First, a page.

I read an e-votional this morning with this story and thought I’d share it.
A young man of
thirty-two was appointed President of a large, well-established bank.
He’d never dreamed he would be president, much less at such a young
age. Therefore, he approached the Chairman of the Board, a man known
for his wisdom, and asked, "You know, I’ve just been appointed
President. I was wondering if you could give me some advice." The old
man came back with just two words, "Right decisions!" The young man had
hoped for a bit more than this, so he said, "That’s really helpful, and
I appreciate it, but can you be more specific? How do I make right
decisions?" The wise old man simply responded,
"Experience." The young man said, "Well, that’s why I am here. I don’t
have the kind of experience I need. How do I get it?" The final and
somewhat terse reply came, "Wrong decisions!"
Ever since I was in
junior high I’ve always loved to be in charge of something. Some might
think that means I like to be bossy, others might say "in control" and
others might recognize that as leadership. I suppose each one could
certainly be true in its own way, but I’d like to think that over time
people (usually pastors) in my life were developing me to be a leader,
and not to be bossy or in control. (Perhaps they saw something in
me:) I’m grateful for all the learning environments I’ve been blessed
with these past fourteen years.
One of the greatest things about these environments has been the freedom to fail…to learn through making wrong decisions. Nobody wants to make wrong decisions, but unfortunately, for me at least, I make my fair share of them. Just yesterday someone asked me, point blank, how my prayer life for my ministry was going. I had to be honest and say that it hasn’t been what it should’ve been…wrong decision. Oh, it wasn’t a wrong decision that I shared it, but it was a wrong decision to let my prayers shrink in my life (and for something I’m so passionate about!). He could’ve told me what an awful leader I’d been because of that and that he needed to find someone better to lead that ministry, but I’m grateful to know that I’ve been given the freedom to fail…I definitely need to come back strong though.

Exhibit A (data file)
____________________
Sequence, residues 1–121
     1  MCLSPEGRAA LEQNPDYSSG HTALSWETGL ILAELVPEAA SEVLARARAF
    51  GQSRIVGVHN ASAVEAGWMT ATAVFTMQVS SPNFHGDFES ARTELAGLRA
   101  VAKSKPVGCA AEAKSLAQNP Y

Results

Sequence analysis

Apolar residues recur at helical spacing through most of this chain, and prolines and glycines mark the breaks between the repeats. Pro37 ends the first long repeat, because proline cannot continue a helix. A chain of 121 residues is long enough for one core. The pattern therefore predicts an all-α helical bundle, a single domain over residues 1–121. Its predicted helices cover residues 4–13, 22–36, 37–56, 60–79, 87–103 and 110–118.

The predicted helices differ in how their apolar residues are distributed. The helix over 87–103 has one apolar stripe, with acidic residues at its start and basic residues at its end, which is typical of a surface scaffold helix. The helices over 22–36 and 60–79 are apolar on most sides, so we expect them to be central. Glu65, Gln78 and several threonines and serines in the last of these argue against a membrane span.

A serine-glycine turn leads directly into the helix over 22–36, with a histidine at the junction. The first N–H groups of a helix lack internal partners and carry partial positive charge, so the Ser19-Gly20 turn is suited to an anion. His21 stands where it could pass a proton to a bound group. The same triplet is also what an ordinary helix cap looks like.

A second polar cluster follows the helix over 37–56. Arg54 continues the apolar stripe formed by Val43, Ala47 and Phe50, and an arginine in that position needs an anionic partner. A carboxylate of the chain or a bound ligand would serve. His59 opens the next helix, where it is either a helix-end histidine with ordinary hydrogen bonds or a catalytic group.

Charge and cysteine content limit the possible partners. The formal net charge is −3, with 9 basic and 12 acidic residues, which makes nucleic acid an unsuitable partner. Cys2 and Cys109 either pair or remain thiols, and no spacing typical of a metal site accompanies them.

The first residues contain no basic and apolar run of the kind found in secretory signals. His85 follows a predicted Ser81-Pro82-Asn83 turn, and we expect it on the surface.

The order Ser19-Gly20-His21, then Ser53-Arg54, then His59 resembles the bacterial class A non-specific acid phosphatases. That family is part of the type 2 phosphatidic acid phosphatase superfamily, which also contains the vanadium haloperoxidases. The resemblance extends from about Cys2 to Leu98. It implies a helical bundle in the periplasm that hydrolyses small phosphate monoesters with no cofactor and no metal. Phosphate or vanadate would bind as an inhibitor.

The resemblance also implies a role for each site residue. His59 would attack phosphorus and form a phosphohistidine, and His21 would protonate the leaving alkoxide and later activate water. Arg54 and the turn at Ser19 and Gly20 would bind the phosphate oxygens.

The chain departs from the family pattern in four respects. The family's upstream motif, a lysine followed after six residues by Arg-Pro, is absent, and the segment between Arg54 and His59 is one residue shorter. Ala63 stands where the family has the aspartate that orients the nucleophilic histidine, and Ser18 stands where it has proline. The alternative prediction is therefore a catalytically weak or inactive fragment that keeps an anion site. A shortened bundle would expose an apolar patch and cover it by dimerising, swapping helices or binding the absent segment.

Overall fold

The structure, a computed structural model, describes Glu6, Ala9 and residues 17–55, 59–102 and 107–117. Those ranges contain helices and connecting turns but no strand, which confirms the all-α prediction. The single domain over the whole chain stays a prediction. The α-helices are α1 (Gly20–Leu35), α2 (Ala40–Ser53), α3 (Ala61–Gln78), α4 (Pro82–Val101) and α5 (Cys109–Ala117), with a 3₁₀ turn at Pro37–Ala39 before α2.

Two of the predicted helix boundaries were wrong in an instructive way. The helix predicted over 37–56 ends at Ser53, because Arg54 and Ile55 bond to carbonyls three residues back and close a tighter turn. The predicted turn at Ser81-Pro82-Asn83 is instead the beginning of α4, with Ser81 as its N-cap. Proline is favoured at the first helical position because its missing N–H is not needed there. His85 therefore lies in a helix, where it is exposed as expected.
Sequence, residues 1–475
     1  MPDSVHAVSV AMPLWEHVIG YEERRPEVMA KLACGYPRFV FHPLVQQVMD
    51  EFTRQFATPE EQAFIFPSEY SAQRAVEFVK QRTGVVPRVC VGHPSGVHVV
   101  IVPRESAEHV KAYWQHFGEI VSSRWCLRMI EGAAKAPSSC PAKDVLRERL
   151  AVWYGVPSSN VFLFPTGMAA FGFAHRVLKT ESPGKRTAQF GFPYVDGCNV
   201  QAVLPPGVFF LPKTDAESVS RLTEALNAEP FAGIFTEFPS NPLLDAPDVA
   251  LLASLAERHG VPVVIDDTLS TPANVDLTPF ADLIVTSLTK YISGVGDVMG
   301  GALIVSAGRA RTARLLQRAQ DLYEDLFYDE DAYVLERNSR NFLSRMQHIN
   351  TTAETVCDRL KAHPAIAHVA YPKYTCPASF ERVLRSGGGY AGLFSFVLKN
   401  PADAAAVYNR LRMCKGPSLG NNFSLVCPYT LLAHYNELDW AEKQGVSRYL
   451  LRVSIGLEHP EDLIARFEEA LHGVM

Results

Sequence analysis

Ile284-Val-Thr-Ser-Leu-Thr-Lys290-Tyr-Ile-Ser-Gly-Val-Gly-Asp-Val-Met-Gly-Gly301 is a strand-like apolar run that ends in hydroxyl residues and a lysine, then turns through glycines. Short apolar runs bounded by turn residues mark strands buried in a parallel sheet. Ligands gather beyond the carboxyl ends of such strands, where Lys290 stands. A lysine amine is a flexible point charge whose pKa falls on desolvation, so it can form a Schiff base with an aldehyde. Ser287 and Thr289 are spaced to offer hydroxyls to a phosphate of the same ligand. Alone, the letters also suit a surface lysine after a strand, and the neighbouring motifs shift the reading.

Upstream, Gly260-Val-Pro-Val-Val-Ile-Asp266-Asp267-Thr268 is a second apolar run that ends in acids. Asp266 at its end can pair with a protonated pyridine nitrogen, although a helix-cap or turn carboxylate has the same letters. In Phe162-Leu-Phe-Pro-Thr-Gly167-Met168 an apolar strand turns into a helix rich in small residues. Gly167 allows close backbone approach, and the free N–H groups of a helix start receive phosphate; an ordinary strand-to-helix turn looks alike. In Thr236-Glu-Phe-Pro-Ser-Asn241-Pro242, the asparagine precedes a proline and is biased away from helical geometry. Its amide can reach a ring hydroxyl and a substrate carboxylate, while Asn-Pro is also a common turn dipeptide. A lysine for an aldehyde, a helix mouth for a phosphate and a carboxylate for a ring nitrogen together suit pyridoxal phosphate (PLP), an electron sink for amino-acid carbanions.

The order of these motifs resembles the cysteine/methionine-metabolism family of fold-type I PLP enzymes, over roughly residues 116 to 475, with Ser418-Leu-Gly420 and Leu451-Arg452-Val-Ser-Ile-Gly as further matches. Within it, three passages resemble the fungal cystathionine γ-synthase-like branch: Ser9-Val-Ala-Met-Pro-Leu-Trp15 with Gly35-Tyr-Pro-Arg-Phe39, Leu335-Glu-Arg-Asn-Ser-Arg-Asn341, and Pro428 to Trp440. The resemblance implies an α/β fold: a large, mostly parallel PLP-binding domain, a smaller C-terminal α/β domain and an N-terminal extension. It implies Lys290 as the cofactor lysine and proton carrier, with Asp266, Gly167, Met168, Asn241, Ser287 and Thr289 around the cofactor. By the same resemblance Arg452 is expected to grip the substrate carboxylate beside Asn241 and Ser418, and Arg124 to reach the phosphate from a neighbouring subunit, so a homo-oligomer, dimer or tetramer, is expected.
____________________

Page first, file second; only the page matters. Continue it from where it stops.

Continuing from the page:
It’s good for me to have people in my life who allow room for this type of freedom. I think it’s often hard to allow ourselves to have this. Even if we’re not perfectionists (which I’m not), we don’t want to fail. We don’t want to fall down. We want to do it right the first time around and not have to go back to the starting line. The fact of the matter is that if we never allow ourselves the freedom to fail we will go through life dragging ourselves around with a "woe is me, I’m a failure…nobody should want to be around a failure such as I" attitude…and we’ll never take God-ordained risks.
In conclusion (this is how my students would start a closing paragraph;), try not to fail, but liberate yourself from the fear of wrong decisions. Even as I read that last sentence, it’s much easier said than done, but aren’t you glad that God can be the source our "trying not to fail"? 🙂
Have an awesomely, freeing day.